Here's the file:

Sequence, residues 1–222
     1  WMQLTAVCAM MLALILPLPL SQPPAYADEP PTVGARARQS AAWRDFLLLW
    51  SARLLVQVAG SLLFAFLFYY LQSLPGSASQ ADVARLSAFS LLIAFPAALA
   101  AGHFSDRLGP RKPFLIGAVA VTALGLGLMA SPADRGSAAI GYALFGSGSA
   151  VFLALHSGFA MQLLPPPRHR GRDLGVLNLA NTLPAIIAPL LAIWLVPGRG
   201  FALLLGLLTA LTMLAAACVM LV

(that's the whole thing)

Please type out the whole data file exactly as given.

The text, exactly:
Sequence, residues 1–222
     1  WMQLTAVCAM MLALILPLPL SQPPAYADEP PTVGARARQS AAWRDFLLLW
    51  SARLLVQVAG SLLFAFLFYY LQSLPGSASQ ADVARLSAFS LLIAFPAALA
   101  AGHFSDRLGP RKPFLIGAVA VTALGLGLMA SPADRGSAAI GYALFGSGSA
   151  VFLALHSGFA MQLLPPPRHR GRDLGVLNLA NTLPAIIAPL LAIWLVPGRG
   201  FALLLGLLTA LTMLAAACVM LV